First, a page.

More girls than guys. Guys can get it
April 20th is a big thing
People go to the city often on the weekends
Most of the organizations on campus have a devoted and passionate team of people, and thus, a dedicated following. The theater department is large, and additionally there are a few student-run productions teams on campus that produce amazing shows every year. The Burlesque troupe is incredibly popular and always draws a crowd. There are comedy performances weekly and semi-annually, and at the end of each year there is SNL-esque production that always brings in a full house. The spring and fall formals are always these big, elaborate catered events with a DJ, strobe lights and the works.
On a Saturday night there is always a show going up somewhere. In the Black Squirrel, which is a student space where people go to hang out, there are board games and a large flat-screen TV, plus you can get milkshakes.
Twice a year year, at the star of the last week of each semester- which is always the most stressful -there is a midnight breakfast. Almost the entire campus takes a break from their all-nighters to go into the dining hall and get a never ending stream of breakfast foods handed to them. It's widely looked forward to and almost never lets you down.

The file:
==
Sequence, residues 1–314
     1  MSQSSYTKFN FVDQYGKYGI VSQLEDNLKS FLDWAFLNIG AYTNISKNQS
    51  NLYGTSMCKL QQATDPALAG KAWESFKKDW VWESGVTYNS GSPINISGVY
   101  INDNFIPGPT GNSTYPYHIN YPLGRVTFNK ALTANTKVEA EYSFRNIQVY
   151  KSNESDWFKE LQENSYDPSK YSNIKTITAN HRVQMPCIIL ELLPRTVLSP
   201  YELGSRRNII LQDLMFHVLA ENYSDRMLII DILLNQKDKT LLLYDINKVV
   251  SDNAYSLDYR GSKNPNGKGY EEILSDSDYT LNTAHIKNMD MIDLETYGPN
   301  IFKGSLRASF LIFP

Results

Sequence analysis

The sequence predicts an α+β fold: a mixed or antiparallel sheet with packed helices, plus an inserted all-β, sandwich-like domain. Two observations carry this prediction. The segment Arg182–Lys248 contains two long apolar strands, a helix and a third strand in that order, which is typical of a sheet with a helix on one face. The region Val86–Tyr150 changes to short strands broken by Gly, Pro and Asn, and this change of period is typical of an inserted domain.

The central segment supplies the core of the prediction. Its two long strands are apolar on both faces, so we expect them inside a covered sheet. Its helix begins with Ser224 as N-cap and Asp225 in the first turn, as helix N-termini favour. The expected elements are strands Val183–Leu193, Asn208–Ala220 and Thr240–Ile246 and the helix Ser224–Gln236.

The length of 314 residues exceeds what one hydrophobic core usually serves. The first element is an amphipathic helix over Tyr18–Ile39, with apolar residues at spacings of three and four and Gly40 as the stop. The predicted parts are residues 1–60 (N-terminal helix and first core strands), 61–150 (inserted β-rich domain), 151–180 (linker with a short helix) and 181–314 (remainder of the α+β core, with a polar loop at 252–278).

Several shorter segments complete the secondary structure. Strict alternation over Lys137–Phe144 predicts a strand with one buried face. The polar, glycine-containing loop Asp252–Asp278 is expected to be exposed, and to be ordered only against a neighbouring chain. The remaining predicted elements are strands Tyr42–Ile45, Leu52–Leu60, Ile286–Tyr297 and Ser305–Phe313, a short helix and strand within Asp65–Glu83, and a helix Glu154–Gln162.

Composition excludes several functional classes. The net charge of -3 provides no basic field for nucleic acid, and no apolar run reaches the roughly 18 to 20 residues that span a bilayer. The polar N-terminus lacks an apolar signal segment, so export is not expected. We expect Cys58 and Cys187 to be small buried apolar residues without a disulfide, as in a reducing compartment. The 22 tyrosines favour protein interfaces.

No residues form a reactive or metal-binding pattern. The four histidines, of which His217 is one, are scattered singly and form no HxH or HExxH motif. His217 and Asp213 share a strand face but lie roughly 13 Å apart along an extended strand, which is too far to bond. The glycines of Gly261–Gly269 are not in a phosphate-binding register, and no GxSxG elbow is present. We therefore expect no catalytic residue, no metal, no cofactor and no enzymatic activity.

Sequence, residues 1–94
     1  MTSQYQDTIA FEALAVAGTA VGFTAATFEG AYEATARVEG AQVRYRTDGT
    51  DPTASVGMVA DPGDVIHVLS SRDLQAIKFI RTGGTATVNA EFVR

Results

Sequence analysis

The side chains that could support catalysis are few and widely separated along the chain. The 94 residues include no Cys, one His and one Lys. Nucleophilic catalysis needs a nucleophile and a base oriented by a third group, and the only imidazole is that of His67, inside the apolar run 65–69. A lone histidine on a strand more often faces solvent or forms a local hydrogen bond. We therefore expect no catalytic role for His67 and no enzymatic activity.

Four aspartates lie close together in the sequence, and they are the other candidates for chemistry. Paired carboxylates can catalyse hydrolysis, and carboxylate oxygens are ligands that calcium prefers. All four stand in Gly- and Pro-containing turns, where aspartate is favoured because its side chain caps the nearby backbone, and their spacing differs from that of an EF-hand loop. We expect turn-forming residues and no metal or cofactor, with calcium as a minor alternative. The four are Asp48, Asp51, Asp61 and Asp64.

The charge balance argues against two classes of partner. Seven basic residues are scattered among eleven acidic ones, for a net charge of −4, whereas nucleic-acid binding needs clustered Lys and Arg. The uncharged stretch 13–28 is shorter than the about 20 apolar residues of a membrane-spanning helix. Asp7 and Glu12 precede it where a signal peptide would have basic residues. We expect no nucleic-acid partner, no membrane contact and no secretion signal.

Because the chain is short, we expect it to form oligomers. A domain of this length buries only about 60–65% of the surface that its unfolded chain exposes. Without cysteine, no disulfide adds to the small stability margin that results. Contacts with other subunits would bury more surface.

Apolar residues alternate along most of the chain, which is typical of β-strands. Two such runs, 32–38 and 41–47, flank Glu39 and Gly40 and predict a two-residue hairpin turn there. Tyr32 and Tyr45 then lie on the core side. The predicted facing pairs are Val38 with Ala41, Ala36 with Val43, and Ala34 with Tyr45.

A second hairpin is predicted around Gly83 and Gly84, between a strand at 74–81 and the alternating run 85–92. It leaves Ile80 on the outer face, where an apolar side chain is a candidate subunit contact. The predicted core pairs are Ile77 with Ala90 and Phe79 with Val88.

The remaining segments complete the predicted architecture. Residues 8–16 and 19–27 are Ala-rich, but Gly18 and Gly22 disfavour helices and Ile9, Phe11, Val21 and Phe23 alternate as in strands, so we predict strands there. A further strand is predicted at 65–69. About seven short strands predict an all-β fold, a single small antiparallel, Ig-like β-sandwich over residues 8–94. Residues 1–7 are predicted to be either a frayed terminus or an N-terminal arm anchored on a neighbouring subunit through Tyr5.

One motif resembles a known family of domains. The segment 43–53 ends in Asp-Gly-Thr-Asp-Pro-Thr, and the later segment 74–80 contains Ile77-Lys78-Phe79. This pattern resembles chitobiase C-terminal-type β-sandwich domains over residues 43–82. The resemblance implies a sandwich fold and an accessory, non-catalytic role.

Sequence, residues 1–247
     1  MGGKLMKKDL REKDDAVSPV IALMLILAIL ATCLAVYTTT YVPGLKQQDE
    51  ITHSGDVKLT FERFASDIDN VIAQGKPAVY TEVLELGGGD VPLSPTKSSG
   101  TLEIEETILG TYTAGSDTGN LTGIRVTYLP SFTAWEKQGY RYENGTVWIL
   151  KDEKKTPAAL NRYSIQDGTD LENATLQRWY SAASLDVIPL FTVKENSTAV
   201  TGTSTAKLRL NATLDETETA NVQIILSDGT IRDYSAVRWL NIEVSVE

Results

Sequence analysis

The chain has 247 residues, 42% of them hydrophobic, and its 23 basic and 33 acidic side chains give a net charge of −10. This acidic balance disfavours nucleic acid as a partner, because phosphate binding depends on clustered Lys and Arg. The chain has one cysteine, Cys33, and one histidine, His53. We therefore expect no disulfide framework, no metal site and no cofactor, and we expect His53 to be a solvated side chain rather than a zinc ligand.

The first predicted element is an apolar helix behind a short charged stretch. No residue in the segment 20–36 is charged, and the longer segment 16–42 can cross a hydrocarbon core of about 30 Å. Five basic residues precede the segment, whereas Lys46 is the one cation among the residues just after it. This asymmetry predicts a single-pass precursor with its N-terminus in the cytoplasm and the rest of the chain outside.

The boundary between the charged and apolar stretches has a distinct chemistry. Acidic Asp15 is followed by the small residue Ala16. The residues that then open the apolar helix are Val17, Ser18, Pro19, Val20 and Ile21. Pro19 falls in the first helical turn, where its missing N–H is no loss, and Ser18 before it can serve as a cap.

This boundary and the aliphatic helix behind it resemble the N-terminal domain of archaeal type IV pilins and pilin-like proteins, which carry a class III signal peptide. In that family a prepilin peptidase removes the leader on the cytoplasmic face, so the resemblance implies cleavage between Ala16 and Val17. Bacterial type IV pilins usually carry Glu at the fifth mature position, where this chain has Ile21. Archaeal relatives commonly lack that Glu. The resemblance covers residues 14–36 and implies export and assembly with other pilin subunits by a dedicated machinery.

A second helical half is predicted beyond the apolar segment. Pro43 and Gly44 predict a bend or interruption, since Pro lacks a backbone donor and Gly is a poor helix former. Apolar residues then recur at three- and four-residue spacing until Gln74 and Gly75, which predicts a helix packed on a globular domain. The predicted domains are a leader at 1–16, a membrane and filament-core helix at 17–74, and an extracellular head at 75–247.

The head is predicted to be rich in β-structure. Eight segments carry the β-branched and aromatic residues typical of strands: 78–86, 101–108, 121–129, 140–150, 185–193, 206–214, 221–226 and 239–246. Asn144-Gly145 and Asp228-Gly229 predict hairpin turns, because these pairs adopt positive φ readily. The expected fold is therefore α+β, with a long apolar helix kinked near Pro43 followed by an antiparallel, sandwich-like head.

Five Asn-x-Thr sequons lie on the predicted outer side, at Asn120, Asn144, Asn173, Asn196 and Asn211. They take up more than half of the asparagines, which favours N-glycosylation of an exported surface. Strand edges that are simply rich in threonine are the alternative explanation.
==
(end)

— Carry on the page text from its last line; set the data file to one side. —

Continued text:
The campus is pretty safe, and I've lived in dorms where locking your door is more work than not, so people don't. Often people can abandon their things in the library to go on a quick food run across the street. There are weekly parties in "the blue room", a club-like space where bands also come to perform. While the party scene isn't exactly like that of a big state university, most students prefer the dorm parties here to something wild and dangerous like college life is infamous for.
SLC is not a sports school. The athletic department is very small. Most students participate in other clubs like stitching, exotic dancing, burlesque, drama, and student activities. I used to take part in the people of color club but I had very little time so I had to quit. I spend a lot of time in other organization in NYC.
There are very few conflicts with thief, arguments, fights or any crime. It is a very peaceful school, and I love that. The campus is usually quiet, even on weekend, because a lot of students go into the city. There is not a lot of on campus parties so my friend and I usual have parties in our rooms or we go to NYC clubs. If we don't want to travel, we go to the "blue room," which is where a lot of school parties are thrown. Yes, Sarah Lawrence is not a party school at all. There are also no sororities or frats. We just have to be creative and make our own campus life.